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Former President Donald Trump’s Mar-a-Lago resort in Palm Beach, Fla.
Former President Donald Trump’s Mar-a-Lago resort in Palm Beach, Fla. (Charles Trainor Jr., The Miami Herald/TNS)

WASHINGTON — The Department of Veterans Affairs acknowledged in a letter Thursday that three members of former President Donald Trump’s Mar-a-Lago resort had “unusually pervasive access” to VA officials during his administration.

The three men, Marvel Entertainment Chairman Ike Perlmutter, lawyer Marc Sherman and Bruce Moskowitz, a Palm Beach doctor, “sought to exert influence” over government initiatives, the VA conceded. None of the men have experience in the U.S. military or government.

The letter was signed by VA Deputy General Counsel Michael Hogan. It was sent as part of a legal case between the VA and VoteVets, a liberal-leaning advocacy group. VoteVets filed a lawsuit in 2018 that claimed the “Mar-a-Lago Three” broke the law by not adhering to the Federal Advisory Committee Act, an open government law that requires transparency of outside advisory groups.

The VA's letter was part of an agreement between the department and VoteVets to settle the case. Following the letter Thursday, both parties agreed to dismiss it. VoteVets and Democracy Forward, which filed the lawsuit with VoteVets, declared it a victory.

“The Mar-a-Lago council was a poster child for the kind of pervasive corruption throughout the Trump administration, and had we not stepped in, the undue influence of Donald Trump’s clubhouse friends could have hurt our veterans in a lot of ways,” Jon Soltz, VoteVets chairman, said in a statement Friday. “We also have sent the message that no future administration should try this again. Let qualified people, who understand the needs of our veterans, run the VA.”

The department didn’t admit any wrongdoing and maintained in its letter that the three men didn’t constitute an advisory committee and they weren’t subject to the Federal Advisory Committee Act.

The VA did acknowledge “even the appearance of these individuals’ access to the VA during the previous administration may have been concerning to VoteVets and to the public.” The department thanked VoteVets for bringing attention to the matter.

“The issues of appropriate engagement and influence are important to the department,” according to the letter. “The department thus appreciates VoteVets raising its concern, as well as its continued work on behalf of veterans and their families.”

The letter and dismissal of the case follows the results of a congressional investigation that determined the three Mar-a-Lago members pursued personal interests, exerted dominance over White House staff and violated federal law while acting as advisers for the VA.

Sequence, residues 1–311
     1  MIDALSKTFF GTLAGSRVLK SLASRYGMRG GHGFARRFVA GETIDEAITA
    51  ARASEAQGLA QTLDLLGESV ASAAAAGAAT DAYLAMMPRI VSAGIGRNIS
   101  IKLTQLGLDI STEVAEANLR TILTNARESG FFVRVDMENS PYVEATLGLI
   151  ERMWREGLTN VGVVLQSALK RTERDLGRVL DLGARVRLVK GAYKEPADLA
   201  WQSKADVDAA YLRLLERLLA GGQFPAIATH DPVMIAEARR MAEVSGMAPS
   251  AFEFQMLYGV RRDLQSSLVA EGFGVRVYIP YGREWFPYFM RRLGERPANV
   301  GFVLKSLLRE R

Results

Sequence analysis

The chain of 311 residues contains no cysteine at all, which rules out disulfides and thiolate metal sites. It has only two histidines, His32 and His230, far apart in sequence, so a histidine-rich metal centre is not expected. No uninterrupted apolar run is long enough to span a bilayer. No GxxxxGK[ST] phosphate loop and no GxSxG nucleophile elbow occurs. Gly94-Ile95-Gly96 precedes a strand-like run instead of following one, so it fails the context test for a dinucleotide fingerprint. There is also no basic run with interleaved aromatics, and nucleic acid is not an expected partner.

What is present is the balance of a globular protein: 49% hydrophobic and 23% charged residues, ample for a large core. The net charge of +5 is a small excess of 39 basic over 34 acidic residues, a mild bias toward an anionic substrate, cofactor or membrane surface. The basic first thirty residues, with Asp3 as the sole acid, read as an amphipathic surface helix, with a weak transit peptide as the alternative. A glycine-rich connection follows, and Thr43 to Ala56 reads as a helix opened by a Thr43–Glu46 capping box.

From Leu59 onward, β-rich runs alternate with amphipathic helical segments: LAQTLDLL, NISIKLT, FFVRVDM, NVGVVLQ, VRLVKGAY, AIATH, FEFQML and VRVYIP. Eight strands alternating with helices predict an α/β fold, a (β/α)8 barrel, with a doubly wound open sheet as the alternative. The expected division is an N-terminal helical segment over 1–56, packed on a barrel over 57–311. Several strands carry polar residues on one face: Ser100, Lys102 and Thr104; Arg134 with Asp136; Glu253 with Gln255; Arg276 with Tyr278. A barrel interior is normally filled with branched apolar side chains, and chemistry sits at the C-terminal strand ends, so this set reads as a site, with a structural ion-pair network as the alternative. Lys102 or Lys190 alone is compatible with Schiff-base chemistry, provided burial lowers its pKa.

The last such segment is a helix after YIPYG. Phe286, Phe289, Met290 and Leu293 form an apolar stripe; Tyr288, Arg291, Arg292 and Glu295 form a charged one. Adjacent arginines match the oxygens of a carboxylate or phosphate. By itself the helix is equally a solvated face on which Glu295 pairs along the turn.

The House Oversight and Veterans’ Affairs committees released the results of their 19-month investigation in September.

According to the committee’s findings, Moskowitz discussed the possibility of monetizing the VA patient database, suggesting Johnson & Johnson, Apple and CVS could profit from access to the VA’s electronic medical records. Moskowitz worked with then-VA Secretary David Shulkin to award a consulting contract to the former president of Moskowitz’s nonprofit foundation to explore the idea.

The committees also found the Mar-a-Lago members exerted dominance over the White House staff members who were tasked with implementing policies for veterans. In one instance, Perlmutter directed White House employees to stop working on projects that overlapped with what he, Sherman and Moskowitz were doing, according to the House committees.

The Government Accountability Office also investigated the influence the three men exerted over the VA.

Perlmutter, Sherman and Moskowitz were involved in hundreds of email exchanges with VA officials, frequent phone calls and at least five in-person meetings from 2016 to 2018, according to the GAO. Three top VA officials — none of whom still work at the department — communicated with the men through private email accounts.

“The creation of the Mar-a-Lago council as a shadow operation stripped our nation’s veterans of what they deserve: professional leadership by qualified public servants who understand their concerns,” Karianne Jones, senior counsel for Democracy Forward, said in a statement Friday.

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Nikki Wentling has worked for Stars and Stripes since 2016. She reports from Congress, the White House, the Department of Veterans Affairs and throughout the country about issues affecting veterans, service members and their families. Wentling, a graduate of the University of Kansas, previously worked at the Lawrence Journal-World and Arkansas Democrat-Gazette. The National Coalition of Homeless Veterans awarded Stars and Stripes the Meritorious Service Award in 2020 for Wentling’s reporting on homeless veterans during the coronavirus pandemic. In 2018, she was named by the nonprofit HillVets as one of the 100 most influential people in regard to veterans policymaking.
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